Bizarre Accident Ends|Para-Racer’s Career

     HOUSTON (CN) – A professional para-racer says he suffered a career-damaging eye injury when a handicapped grab bar in a Lowe’s Home Center bathroom ripped off the stall as he grabbed it and he banged his head against a toilet.



     John Barker sued Lowe’s Home Centers in Federal Court.
     Barker says he is a successful para-racer with “a number of large corporate sponsors that support him in his racing.”
     Barker became paralyzed in 2005 when a burglar shot him and then threw him out of a second-story of his mother’s house and he fell 26 feet and was impaled on a picket fence. His spinal cord was severed and he has been paralyzed from the waist down ever since.
     Barker began para-racing in 2006, and turned pro in 2008. He says he went to a Lowe’s store while visiting friends in Macedonia, Ohio on Aug. 19 this year.
     “While at the store, he needed to visit the restroom facilities and went into a handicapped-assemblage toilet stall,” according to the complaint.
     The Americans with Disabilities Act sets standards for bathroom stalls, Barker says, including requirements for toilet stall grab bars. “The handicapped bar is critical for individuals like Mr. Barker since they have no use of their legs.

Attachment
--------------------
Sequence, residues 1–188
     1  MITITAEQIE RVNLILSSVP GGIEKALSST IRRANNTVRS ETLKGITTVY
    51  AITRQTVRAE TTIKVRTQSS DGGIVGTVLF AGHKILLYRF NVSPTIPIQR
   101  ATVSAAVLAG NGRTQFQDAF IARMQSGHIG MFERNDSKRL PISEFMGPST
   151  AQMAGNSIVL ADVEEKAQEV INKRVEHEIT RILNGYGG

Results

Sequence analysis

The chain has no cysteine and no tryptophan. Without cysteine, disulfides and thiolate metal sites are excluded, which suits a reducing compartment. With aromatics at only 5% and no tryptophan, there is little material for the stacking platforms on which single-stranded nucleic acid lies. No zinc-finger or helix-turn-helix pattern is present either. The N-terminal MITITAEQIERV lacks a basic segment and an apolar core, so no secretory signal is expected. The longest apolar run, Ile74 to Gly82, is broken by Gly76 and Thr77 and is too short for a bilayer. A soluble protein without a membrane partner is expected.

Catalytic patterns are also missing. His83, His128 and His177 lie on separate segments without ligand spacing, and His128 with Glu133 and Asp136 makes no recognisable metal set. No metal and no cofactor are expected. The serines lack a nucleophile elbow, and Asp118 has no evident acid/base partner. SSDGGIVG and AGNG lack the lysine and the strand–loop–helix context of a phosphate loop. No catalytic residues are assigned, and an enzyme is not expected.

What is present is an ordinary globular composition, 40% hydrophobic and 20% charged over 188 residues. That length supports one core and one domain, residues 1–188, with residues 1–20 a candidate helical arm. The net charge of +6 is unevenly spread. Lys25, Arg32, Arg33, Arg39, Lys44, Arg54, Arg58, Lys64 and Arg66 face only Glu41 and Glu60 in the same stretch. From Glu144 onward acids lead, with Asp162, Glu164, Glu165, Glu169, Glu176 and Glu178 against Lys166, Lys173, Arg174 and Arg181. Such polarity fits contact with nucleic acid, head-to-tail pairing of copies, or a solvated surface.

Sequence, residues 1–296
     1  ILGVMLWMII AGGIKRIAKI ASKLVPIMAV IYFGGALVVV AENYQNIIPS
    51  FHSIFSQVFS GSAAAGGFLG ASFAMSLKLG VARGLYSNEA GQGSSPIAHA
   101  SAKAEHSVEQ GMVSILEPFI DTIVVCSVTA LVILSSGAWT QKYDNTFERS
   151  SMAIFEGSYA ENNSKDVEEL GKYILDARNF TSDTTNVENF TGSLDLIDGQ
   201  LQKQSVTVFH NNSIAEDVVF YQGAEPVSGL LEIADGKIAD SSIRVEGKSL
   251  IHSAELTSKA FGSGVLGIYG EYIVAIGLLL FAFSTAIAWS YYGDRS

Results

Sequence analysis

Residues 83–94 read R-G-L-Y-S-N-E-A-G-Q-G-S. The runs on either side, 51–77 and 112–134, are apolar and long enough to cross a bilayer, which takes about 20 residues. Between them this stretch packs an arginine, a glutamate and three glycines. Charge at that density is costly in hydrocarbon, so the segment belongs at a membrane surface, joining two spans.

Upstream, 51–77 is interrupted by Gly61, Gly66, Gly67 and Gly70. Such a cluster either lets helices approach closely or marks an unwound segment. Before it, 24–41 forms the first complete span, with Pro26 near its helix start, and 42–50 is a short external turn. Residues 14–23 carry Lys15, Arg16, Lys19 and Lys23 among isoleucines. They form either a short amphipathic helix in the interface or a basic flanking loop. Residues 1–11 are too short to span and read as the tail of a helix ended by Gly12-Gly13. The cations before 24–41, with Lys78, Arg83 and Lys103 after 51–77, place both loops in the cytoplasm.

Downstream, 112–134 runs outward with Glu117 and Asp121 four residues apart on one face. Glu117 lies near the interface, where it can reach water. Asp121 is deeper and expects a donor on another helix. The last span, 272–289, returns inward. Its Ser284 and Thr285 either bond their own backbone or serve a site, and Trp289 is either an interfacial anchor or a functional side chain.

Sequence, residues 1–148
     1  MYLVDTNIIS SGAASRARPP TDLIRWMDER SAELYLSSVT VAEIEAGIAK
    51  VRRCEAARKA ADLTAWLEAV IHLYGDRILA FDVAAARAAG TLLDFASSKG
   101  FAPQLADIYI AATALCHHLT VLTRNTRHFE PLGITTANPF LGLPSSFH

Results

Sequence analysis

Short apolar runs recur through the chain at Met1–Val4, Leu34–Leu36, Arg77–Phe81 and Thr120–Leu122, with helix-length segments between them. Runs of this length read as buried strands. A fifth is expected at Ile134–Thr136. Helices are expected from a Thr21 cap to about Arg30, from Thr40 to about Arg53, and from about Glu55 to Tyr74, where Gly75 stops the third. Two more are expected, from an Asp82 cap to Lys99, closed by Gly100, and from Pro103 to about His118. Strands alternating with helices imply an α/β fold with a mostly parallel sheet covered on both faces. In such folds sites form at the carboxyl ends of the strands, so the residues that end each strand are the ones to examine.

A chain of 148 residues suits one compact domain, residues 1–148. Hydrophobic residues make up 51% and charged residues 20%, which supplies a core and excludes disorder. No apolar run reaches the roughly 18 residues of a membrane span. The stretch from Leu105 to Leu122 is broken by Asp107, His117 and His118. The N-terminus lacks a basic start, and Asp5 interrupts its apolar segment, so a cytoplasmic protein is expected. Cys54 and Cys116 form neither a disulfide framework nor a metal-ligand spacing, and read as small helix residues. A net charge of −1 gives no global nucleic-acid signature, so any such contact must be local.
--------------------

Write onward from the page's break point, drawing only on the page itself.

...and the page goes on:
“Mr. Barker was lifting himself utilizing the grab bar when, without warning, the grab bar ripped from the partition wall causing Mr. Barker to fall and violently strike his head on the commode.
     “A young boy found Mr. Barker on the floor bleeding and unconscious. The boy alerted his parents and paramedics were called to assist Mr. Barker,” according to the complaint.
     Barker says he was taken to a hospital and diagnosed with a concussion, and was to see his doctor when he got home about blurred vision in his right eye.
     “Upon returning home to Houston, Mr. Barker, as recommended, did in fact see his general practitioner, who sent him to a Board Certified specialist who told Mr. Barker the optical nerve in his right eye suffered a very serious and significant injury that showed no signs of improving. This same diagnosis was made by other eye specialists who have also examined Mr. Baker,” he says.
     Barker says he has been told his vision will not improve.
     “Mr. Barker is a professional athlete who requires excellent vision to both train and competitively race for his financial livelihood. The impact of this injury on Mr. Barker’s life, both personally and professionally, is severe,” according to the complaint.
     Barker seeks damages for negligence, pain and suffering, lost earnings, disfigurement, physical impairment, medical expenses, loss of consortium and loss of household services.
     He is represented by Gregory Godkin with Roberts Markel.

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